Can you believe I've already been here 6 months?!?! It's crazy. Feels like I just got here. But I'm 2/3 of the way finished my London stint! What an experience it's been so far. I know plenty of you think all we do over here is sightsee and travel all over Europe! Don't be fooled: We really work hard! This is a whole different type of learning environment. It's real OJT--On the job training. It's good because things you learn actually stick. You can associate disease presentations, treatments, & complications to actual patients. You don't forget the patients.
The patients are our teachers every day along with the Consultants, Registrars, and Junior Doctors we work with. The way the patients progress teaches us how we should manage and treat the various illnesses and what we should watch out for to let us know if things are going in the wrong or right direction. I prefer this type of learning over strictly lecture style teaching any day. The concepts, lab values, clinical signs and symptoms actually mean something. I can't ignore the patient right in front of me. Between their history, observations, complaints, usually the patients end up telling us everything we need to know to work through their problems and they don't even realize it. Learning to be a Doctor is ridiculously awesome!
Some days absolutely suck because there's so much I still don't know. But those days are usually the most useful and productive overall because I actually learn new things or learn more in depth information about a particular disease process. That's what I come home and read about at night so my learning is more focused and relevant.
Friday marked the last day of my Surgery rotation--way to close out surgery with an adult circumcision, parathyroidectomy, and a hip replacement! Over the last 3 months, I met and worked with some super intelligent people with great personalities and willingness to teach. I think the best part of being exposed to such a variety of healthcare professionals, is being able to take the things they do very well and incorporate those skills into what my ultimate "doctoring style" will be and for that, I'll be forever grateful.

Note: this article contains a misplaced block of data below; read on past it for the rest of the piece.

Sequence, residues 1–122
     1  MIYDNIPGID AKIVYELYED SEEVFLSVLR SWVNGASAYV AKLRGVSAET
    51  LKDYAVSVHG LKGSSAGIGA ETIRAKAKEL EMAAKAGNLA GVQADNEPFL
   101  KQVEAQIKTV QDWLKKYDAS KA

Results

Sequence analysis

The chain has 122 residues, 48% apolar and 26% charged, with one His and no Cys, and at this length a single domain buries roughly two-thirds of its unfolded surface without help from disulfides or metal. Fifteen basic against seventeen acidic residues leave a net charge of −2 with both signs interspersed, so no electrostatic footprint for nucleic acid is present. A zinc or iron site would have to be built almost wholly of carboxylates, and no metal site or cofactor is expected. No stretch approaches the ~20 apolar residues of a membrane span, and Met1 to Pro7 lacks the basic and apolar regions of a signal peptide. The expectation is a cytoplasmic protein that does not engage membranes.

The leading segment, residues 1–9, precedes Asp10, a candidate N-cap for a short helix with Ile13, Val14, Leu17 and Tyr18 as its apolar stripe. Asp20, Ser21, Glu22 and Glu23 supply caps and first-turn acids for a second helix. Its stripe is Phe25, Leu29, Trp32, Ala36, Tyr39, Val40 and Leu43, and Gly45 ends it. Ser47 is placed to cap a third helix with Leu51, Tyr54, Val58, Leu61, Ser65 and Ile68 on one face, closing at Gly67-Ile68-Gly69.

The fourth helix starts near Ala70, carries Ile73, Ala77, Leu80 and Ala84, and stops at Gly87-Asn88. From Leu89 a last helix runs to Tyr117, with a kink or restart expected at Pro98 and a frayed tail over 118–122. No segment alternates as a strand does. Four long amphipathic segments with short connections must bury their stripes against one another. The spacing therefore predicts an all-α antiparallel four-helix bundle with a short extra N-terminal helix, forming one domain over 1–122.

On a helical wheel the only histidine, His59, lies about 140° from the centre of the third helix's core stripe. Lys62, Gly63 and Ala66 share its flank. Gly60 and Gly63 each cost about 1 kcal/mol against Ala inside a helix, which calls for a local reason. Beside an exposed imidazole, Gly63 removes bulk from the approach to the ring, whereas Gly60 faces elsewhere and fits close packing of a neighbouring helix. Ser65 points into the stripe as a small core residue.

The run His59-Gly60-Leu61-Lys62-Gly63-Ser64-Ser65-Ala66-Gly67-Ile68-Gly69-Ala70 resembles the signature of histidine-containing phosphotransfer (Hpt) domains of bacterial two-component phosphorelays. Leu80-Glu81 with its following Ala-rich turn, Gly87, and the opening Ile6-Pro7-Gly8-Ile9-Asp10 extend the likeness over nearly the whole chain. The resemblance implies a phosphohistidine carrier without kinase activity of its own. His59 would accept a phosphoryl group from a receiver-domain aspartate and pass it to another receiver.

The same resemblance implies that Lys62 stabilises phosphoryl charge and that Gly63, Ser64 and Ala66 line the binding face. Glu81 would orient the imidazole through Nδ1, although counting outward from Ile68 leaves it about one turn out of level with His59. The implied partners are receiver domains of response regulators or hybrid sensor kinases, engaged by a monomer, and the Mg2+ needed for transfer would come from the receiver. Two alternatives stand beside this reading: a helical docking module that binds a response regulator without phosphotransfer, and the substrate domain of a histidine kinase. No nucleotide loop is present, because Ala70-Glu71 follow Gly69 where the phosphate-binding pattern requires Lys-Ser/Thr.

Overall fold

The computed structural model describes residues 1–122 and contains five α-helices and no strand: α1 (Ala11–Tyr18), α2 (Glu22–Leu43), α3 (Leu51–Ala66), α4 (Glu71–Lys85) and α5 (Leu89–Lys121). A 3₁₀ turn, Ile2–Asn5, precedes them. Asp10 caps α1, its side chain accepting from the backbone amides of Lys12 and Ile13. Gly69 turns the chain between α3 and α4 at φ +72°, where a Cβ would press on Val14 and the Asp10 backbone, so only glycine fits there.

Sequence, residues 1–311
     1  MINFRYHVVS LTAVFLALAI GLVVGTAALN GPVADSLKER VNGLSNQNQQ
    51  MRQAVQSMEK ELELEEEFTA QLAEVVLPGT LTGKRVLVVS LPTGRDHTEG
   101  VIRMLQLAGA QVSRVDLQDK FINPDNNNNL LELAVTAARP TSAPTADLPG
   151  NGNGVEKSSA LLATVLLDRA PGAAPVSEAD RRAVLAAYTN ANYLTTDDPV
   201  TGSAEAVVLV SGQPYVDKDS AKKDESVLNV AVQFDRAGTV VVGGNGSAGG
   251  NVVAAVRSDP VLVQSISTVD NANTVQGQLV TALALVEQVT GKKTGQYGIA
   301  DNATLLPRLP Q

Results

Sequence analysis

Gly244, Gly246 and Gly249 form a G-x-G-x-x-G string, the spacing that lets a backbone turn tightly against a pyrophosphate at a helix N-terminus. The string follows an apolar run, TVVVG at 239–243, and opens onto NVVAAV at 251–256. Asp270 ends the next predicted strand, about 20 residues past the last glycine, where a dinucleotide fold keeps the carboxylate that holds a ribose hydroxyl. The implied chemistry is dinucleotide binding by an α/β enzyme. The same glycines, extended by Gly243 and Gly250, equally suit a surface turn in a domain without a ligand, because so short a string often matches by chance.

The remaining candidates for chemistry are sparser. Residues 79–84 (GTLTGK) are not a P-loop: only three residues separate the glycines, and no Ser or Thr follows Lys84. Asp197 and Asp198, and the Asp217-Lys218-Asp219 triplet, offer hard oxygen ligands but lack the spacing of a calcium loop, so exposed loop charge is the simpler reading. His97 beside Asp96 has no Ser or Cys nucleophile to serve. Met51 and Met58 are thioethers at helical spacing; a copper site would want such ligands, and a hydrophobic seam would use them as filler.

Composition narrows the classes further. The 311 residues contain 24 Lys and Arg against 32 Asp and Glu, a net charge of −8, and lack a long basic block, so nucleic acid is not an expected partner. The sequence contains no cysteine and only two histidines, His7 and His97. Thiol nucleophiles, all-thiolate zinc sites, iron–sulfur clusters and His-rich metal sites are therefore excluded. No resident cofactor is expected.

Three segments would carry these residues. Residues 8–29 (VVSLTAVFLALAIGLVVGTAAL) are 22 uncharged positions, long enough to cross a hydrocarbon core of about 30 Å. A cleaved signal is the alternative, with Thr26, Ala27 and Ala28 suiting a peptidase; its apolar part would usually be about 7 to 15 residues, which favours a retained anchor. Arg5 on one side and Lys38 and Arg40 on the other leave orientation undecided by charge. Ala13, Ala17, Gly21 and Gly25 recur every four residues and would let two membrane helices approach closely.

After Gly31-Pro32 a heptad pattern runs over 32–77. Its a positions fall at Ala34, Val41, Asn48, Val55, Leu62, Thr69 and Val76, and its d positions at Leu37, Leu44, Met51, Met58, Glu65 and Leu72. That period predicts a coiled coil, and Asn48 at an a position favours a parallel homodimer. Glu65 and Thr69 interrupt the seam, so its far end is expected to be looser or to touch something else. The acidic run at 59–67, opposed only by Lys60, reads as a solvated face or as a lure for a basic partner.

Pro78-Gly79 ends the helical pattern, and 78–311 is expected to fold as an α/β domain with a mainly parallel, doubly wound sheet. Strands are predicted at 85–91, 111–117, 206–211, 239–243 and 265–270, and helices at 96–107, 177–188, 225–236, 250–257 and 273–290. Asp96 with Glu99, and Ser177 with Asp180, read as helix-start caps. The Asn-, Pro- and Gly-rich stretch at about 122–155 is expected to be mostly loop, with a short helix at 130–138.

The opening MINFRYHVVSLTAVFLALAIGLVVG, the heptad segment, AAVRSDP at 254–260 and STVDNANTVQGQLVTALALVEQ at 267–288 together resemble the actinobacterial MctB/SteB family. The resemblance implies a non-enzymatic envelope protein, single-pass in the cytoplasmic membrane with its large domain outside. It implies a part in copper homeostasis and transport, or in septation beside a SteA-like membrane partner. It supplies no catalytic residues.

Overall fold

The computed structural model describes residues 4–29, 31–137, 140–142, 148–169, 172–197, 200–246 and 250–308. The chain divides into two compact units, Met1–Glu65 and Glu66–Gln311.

Now for the other interesting stuff...A few weekends ago, a group of AUC folks met up for a full day coach tour to see more of the UK. We went to Windsor Castle, Stonehenge, and Bath. We had a fun day & it was nice to see people I haven't seen since last April when I left the Island =)
This is where the Queen hangs out and relaxes when she has free time or if she's entertaining guests. The art collection at the castle was worth somewhere in the Billions of Pounds Sterling! The staterooms are opulent and many have been refinished in the same style as the original rooms. Queen Mary's Dollhouse is also located at Windsor Castle. It's the largest dollhouse in the world, which on a tiny 1:12 scale is fully functional--real silver, working electricity and water, wine in the wine cellar, and lift (elevator).
Check out pics from Windsor Castle...
Queen Mary's Dollhouse
All of Us!
Most people have heard of Stonehenge before. While historians think they know what the purpose of some of the stones were at various times, the full history behind the stones still remains a mystery. Stones first started appearing at the site 5,000 years ago and they were rearranged many times over the course of a few hundred years until we were left with what stands today (restored by the Heritage Society as closely as possible to the final arrangement).
The City and the Roman Baths. There are four main features at the Roman Baths: the Sacred Spring, the Roman Temple, the Roman Bath House and the Museum holding artifacts and treasures from Roman Baths that were operational for more than 300 years. Falling rain water is heated deep in the Earth's crust and then rises up through fissures and faults in the limestone and fills the baths.
Clean water for you to sample...it was hot and tasted like sulphur. Pass!
Separate from the Windsor, Stonehenge, & Bath Tour, before I came to the UK I got free tickets to witness the Ceremony of The Keys. Its a 700 year old ceremony that takes place at the same time every night (9:52pm) to lock the Tower of London and ensure the safety of the crown jewels.
The ceremony is timed to the minute and the words are exactly the same every single night. The only time the ceremony was ever late was once when a bomb from WWII hit nearby and stunned the guards for a few minutes. Once they recovered they continued with the ceremony, but sent a note of apology to the Monarch who was not happy with the delay.
I must admit, I had no idea what we were going to see, but it was actually really interesting. Can you imagine doing something at the exact same time every single day for 700 years? That takes serious dedication!
Note: If you want to see the Ceremony of the Keys you must book WELLLLLL in advance! I got tickets 5 months in advance. The next available slots are in Sept 2016! If you know you'll be here, go online and order your free tickets (£1 processing fee) now! order a few so you can take others along because last minute isn't an option. Photography isn't allowed inside during any part of the Ceremony visit so I don't have any inside pics to share. Just go check it out for yourself. It's worth it.
Outside the Tower of London
While out we saw a local artist Sneakbo, who has more than 50 Million Youtube hits, that was shooting a music video. Even better, the song was pretty good!
And I got to see THIS guy again!!!!